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    Show everyone a valid Bible Translation that has your phrase, "He breathed on them and said, 'Receive the Holy [Breath]"

    I googled, there were none.
     
  7. Daniel Marsh

    Daniel Marsh Well-Known Member

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    I agree that the Holy Spirit inhabiting us makes us holy.
     
  8. Daniel Marsh

    Daniel Marsh Well-Known Member

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    I do not see a connection between stuffing and sinning.

    How do you explain how demons sinned in Heaven?
     
  9. Daniel Marsh

    Daniel Marsh Well-Known Member

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    Gal 5 comes to mind, why?

    material mind ??? "it is the belief in a bodily soul and a material mind, a soul governed by the body and a mind in matter."????? really?
     
  10. Daniel Marsh

    Daniel Marsh Well-Known Member

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    Jesus is Lord!!!!
     
  11. Daniel Marsh

    Daniel Marsh Well-Known Member

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    "Question: "Monergism vs. synergism—which view is correct?"

    Answer:
    This topic has been hotly debated within the church for centuries. It is not exaggerating to say that this debate concerns the very heart of the gospel itself. First, let us define the two terms. When we talk about monergism vs. synergism, theologically speaking, we’re talking about who brings about our salvation. Monergism, which comes from a compound Greek word that means “to work alone,” is the view that God alone effects our salvation. This view is held primarily by Calvinistic and Reformed traditions and is closely tied to what is known as the “doctrines of grace.” Synergism, which also comes from a compound Greek word meaning “to work together,” is the view that God works together with us in effecting salvation. While monergism is closely associated with John Calvin, synergism is associated with Jacob Arminius, and his views have greatly shaped the modern evangelical landscape. Calvin and Arminius aren’t the creators of these views, but are the best-known proponents of Calvinism and Arminianism.

    These two views were heavily debated in the early 17th century when followers of Arminius published The Five Articles of the Remonstrance (FAR), a document stating where their theology differed from that of Calvin and his followers. The pivotal point in this debate is between the Calvinistic doctrine of unconditional election vs. the Arminian doctrine of conditional election. If one believes election is unconditional, then one will tend toward a monergistic view of salvation. Conversely, if one holds to a view that election is based on God’s foreknowledge of who would believe in Him, then one tends toward the synergistic view.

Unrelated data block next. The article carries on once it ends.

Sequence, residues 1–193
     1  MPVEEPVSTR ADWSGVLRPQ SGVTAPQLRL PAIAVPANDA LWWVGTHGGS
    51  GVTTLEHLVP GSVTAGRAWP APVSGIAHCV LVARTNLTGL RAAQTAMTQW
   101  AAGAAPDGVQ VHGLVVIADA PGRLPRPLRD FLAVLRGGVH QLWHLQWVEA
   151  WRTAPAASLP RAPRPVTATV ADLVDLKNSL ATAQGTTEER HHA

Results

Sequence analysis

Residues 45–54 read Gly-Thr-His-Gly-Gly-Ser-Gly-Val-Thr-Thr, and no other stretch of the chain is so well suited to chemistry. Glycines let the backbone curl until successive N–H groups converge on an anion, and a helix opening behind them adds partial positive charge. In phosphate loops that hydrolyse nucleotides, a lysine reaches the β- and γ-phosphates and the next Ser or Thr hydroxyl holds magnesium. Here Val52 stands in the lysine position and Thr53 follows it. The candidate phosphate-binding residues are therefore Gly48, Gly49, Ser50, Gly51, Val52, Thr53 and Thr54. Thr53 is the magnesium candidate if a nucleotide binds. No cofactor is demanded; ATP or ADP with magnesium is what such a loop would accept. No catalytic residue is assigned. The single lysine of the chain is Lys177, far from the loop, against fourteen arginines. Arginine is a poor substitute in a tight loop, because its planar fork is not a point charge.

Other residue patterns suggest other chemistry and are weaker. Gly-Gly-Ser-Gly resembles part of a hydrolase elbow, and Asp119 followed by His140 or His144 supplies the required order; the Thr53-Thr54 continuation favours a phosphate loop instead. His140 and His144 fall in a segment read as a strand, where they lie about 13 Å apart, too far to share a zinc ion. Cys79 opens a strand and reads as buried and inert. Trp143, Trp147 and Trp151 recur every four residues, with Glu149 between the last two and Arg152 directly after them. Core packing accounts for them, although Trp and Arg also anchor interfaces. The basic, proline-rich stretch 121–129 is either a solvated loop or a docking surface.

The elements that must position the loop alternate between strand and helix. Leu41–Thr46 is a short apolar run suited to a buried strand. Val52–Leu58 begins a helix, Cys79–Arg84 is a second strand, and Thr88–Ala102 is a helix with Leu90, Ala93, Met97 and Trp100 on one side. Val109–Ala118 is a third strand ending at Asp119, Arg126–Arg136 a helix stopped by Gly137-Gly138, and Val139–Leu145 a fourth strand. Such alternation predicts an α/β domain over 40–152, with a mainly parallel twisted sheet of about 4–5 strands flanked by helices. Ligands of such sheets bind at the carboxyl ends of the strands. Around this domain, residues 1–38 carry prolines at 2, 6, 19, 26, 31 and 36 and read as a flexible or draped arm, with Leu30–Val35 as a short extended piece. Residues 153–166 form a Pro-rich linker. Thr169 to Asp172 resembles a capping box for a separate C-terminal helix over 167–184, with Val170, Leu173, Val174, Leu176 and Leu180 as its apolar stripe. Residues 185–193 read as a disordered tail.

The view of unconditional election is stated in the Westminster Confession of Faith: “Those of mankind that are predestinated unto life, God, before the foundation of the world was laid, according to his eternal and immutable purpose, and the secret counsel and good pleasure of his will, hath chosen in Christ, unto everlasting glory, out of his free grace and love alone, without any foresight of faith or good works, or perseverance in either of them, or any other thing in the creature, as conditions, or causes moving him thereunto; and all to the praise of his glorious grace”(WCF III.5, emphasis added). As we can see, unconditional election teaches that God’s choice of the elect is based on the good pleasure of His will and nothing more. Furthermore, His choice in election is not based on His foreseeing a person’s faith or any good works or that person’s persevering in either faith or good works.

    Two classic biblical passages support this doctrine. The first is Ephesians 1:4-5, “For he chose us in him before the creation of the world to be holy and blameless in his sight. In love he predestined us to be adopted as his sons through Jesus Christ, in accordance with his pleasure and will.” According to this passage, we were chosen by God to be in Christ—holy and blameless—before the world was created, and this choice was based on the “purpose of God’s will.” The other passage is Romans 9:16, “It does not, therefore, depend on man’s desire or effort, but on God’s mercy.” God’s choice is not dependent on anything we do or believe in, but is made solely at the discretion of God’s mercy.